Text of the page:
(a) as a private person,(b) as a peace officer or public officer,(c) in aid of a peace officer or public officer, or(d) by virtue of his office,
Analysis and Director's Decision
Pursuant to section 25(1) of the Criminal Code, police officers are immune from criminal liability for force used in the course of their duties provided such force was reasonably necessary in the execution of an act that they were authorized or required to do by law. The Complainant was at the CW’s place in breach of a condition of his release from custody. By the time he was shot, the officers also had grounds to believe the Complainant was armed with a firearm, which he had used to threaten the CW. He was clearly subject to arrest.
Thereafter, I am unable to reasonably conclude that the SO acted with excess when he discharged his firearm at the Complainant. Confronted by a violent Complainant, refusing to exit the apartment and threatening the officers with a firearm, the SO had good cause to want to neutralize the Complainant from a distance with the use of his less-lethal firearm. Withdrawal was not an option given the possibility of a firearm in the Complainant’s possession. Nor was continued negotiation a realistic recourse, particularly as the Complainant had advanced to within metres of the officers’ position at the threshold of the open doorway when the shooting occurred. As it turns out, the force used by the SO had the intended effect, sufficiently debilitating the Complainant that the officers were able to take control of him without injury or further incident.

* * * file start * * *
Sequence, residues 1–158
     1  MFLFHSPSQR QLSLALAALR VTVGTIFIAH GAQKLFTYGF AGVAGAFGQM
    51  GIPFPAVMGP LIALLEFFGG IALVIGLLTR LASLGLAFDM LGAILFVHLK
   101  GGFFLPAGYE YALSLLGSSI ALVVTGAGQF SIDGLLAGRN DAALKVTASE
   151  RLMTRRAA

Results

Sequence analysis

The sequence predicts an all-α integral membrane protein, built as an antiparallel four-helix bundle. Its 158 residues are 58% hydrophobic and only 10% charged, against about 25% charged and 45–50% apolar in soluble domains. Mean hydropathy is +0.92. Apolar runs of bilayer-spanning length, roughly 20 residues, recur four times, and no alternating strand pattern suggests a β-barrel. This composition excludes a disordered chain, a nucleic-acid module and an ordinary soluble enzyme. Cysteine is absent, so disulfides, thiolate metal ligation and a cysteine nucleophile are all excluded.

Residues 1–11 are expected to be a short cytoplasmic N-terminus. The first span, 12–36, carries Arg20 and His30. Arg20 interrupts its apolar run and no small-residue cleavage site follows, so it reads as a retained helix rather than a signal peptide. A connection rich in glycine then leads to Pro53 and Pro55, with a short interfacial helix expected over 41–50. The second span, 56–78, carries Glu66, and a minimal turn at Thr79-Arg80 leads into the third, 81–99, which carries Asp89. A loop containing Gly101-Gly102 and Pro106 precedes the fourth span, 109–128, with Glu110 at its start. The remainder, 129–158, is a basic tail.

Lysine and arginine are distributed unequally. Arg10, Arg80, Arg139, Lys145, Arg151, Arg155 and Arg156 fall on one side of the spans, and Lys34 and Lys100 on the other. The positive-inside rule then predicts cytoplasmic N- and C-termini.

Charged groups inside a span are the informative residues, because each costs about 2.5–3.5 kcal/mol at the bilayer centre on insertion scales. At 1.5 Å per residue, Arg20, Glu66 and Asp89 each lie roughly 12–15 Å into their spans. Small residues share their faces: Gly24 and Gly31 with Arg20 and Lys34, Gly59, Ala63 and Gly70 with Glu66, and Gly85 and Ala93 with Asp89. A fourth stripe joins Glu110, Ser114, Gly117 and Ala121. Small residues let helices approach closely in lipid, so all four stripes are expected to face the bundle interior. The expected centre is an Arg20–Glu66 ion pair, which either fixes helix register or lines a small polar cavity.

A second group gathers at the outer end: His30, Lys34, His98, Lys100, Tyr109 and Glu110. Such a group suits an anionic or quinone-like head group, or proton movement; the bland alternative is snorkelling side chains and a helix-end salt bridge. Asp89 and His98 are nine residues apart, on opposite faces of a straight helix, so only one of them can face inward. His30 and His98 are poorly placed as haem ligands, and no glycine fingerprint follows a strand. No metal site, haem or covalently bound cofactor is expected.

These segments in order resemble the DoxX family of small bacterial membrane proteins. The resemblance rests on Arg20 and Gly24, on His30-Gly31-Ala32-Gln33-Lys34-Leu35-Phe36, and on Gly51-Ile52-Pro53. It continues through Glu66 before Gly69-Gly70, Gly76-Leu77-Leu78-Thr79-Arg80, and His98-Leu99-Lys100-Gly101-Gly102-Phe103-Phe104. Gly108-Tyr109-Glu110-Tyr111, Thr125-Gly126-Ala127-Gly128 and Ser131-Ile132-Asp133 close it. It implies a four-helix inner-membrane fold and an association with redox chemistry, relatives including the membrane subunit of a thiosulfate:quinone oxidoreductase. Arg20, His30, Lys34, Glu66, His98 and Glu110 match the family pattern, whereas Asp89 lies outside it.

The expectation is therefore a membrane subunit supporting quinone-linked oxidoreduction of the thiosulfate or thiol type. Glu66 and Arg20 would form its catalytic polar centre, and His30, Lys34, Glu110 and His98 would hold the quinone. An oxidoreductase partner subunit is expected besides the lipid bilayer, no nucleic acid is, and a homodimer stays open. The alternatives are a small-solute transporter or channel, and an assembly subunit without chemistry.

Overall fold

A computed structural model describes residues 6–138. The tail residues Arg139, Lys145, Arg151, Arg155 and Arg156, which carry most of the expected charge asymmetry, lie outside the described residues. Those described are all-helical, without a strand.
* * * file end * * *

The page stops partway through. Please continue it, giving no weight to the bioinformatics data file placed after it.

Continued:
For the foregoing reasons, I am satisfied that the SO comported himself lawfully throughout his engagement in the operation that resulted in the Complainant’s arrest. Accordingly, there is no basis for proceeding with criminal charges in this case, and the file is closed.
Date: July 7, 2021
Electronically approved by
Special Investigations Unit
- 1) The following records contain sensitive personal information and are not being released pursuant to section 34(2) of the Special Investigations Unit Act, 2019. The material portions of the records are summarized below. [Back to text]
The signed English original report is authoritative, and any discrepancy between that report and the French and English online versions should be resolved in favour of the original English report.